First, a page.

Robert Caby faithfully kept the memory of Erik Satie alive by writing
articles, editing and orchestrating posthumous works of Satie.
As a young student, being a classmate of Jean-Paul Sartre, he was a passionate
admirer of poetry, painting and music. At this time he met Erik Satie, who
made a strong impression on the young Caby after the performance
of 'Mercure' in June 1924. Caby became a close friend of Satie, and visited him daily in Saint-Joseph hospital during his illness until Satie's death in
After military service in Algeria, Caby worked as a music and art critic, writing articles in l'HumanitÚ, Le Monde and other newspapers. He created
surrealistic drawings and poetry with literal and political engagement. He also composed his first works, melodies on poems by Guillaume Apollinaire. Caby
then spent three months in the harmony class at Scola Cantorum, where Satie had
studied 20 years before. In the culturally boiling 1930's Caby showed his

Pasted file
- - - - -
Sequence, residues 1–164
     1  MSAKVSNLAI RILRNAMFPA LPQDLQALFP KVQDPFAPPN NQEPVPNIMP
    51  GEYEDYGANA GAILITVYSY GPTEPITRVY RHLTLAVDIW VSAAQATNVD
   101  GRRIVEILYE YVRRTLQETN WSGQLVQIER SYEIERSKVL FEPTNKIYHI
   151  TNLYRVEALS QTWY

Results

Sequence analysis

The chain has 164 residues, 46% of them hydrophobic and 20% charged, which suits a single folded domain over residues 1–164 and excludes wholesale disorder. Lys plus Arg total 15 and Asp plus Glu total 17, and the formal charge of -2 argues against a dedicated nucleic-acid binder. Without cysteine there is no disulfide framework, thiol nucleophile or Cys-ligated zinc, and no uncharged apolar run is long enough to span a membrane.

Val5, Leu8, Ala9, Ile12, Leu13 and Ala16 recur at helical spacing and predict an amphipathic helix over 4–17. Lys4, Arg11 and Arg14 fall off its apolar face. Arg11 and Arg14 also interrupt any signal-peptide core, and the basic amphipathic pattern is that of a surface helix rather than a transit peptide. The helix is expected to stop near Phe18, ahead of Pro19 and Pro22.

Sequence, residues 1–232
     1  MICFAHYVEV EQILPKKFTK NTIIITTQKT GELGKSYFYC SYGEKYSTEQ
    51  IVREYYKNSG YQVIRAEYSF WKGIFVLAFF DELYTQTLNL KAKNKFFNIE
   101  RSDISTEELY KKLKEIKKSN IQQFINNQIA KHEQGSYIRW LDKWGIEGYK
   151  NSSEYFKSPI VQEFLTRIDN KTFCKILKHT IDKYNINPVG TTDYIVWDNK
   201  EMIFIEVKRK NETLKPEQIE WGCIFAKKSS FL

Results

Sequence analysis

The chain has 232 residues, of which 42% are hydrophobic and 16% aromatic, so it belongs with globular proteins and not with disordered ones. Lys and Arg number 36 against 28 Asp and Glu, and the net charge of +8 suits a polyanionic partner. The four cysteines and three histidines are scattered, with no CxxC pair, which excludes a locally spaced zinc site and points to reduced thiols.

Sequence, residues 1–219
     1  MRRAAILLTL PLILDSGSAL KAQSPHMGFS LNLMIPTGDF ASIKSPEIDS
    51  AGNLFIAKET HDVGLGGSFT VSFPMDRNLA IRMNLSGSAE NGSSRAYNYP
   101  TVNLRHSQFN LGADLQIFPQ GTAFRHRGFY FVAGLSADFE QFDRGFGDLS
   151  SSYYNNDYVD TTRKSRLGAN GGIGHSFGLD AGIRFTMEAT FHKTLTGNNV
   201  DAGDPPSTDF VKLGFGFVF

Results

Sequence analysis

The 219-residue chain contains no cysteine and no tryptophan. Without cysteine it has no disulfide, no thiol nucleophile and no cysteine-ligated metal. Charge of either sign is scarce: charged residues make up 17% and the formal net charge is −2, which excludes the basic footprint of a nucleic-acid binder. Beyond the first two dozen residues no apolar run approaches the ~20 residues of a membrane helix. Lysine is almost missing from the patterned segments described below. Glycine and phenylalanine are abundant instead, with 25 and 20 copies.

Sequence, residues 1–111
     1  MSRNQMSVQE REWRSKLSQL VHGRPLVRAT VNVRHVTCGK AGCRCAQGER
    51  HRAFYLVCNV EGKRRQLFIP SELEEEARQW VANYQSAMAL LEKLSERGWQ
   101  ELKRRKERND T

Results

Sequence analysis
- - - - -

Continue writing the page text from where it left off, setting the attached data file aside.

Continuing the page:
political engagement by composing anti-nazi songs, and he spent a couple of
months in Moscow with the Groupe Octobre of Jacqus PrÚver, studying the impact
of Trotski's ideas. Until his final days he composed over 400 works -
especially melodies with poems inspired by everything from Greek mythology to the most
contemporary poetry. He also composed small operas and piano pieces.
As most of Caby's works are yet to be discovered, his son initiated in 1991
an Association of the Friends of Robert Caby (Address: 8 Rue Colonel Oudot,
75012 Paris) with the main objective to publish handwritten works of the
The first, and only, recording of Caby's piano works is now available and can
be bought here.
The Swedish pianist Olof H÷jer made an astonishing job by
performing a marvellous 70-minute compilation of some of Caby's piano works.
- Niclas Fogwall (...more
on the author)